Shining a light on Sikh history

Bush Diwan co-curator Amrit Gill with Sukhjit Kaur Khalsa's 'Fence sitting' photographs. 360360 Pictures: STEWART CHAMBERS

A new place for gathering is now open for those within the Sikh community in Casey, with the Bush Diwan exhibition now open in the Bunjil Place Gallery until 12 November, acknowledging diverse stories of Sikh migration and community formation in Australia.

First exhibited at the Benalla Art Gallery last year, curated by Amrit Gill and Reina Takeuchi and developed by 4A Centre for Contemporary Asian Art, the exhibition centres on the story of Siva Singh, an early 20th century regional Victorian resident living at Reef Hills outside Benalla, Sikh community leader and civil rights campaigner.

Across October, a series of talks and workshops will also be held to explore the exhibition’s themes and ideas further, including a performance by artist Anindita Banerjee, a poetry workshop and a curator talk.

Using media ranging from screen, stills, sound, performance, sculpture, and textiles, the exhibition shines a light on Sikh history in Australia by exploring identity and the foundations of community.

Ms Gill said as diwan was a Punjabi word which means gathering or religious event, the local Sikh community responded well to the exhibition during a community ambassador event on Saturday 16 September.

“They felt that it can have a lot of importance in the South Eastern diaspora,” she said.

“We took the word diwan’ as a starting point for this exhibition.”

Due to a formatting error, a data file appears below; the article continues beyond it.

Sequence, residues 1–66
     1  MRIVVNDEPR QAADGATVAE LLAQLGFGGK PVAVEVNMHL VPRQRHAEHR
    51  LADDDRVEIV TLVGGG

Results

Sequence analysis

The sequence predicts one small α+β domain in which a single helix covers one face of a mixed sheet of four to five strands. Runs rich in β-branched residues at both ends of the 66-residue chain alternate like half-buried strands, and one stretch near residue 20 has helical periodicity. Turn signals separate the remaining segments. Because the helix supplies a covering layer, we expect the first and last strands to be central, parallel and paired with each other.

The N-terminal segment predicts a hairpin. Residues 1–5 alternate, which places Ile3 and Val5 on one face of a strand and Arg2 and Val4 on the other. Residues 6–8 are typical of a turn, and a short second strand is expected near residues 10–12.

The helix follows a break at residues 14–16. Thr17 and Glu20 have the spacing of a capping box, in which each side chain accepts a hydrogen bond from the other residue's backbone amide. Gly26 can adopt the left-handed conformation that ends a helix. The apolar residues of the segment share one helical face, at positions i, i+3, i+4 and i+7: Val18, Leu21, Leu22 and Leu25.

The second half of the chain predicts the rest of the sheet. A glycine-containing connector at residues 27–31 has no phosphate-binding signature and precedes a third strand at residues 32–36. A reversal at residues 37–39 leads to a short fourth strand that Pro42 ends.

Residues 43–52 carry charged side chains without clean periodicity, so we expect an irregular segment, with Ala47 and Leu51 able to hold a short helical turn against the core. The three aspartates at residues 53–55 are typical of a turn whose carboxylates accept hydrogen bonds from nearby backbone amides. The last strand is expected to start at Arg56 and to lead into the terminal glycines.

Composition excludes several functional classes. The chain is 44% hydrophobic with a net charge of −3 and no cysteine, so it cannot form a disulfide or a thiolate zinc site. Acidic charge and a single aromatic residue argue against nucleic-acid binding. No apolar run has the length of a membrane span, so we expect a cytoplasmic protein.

The artworks include Amardeep Shergill’s ‘Aussie Phulkari’, incorporating the folk embroidery of the Punjab with the Australian colours of green and gold, and a poem named ’Sea, Pilgrim’ from artist Manisha Anjali.

Ms Gill said the works deal with themes of how individuals and communities settle and restart, find solidarity within themselves and others and gather in conversations.

“We hope that it might resonate with people,” she said.

City of Casey chair of administrators Noelene Duff PSM said providing arts and cultural opportunities which reflect the stories held within Casey’s community was an important part of council’s responsibilities.

“As one of the most culturally diverse municipalities in Victoria, council is committed to providing a wide range of arts and cultural experiences that bring our community together,” she said.

“Bush Diwan is a unique exhibition that allows us to appreciate different forms of cultural expression, foster cultural awareness and build community connection.”

Curator Reina Takeuchi said the exhibition does not simply recount Mr Singh’s migration journey.

“Instead, it weaves together multiple narratives centered on reconciliation and community building,” she said.

“It serves as a window into the wealth of untold Asian Australian migration stories – providing us a valuable opportunity to delve deeper into pivotal moments in Australia’s history of migration.”

For more information on the exhibition and related public programs, visit Bunjil Place’s website at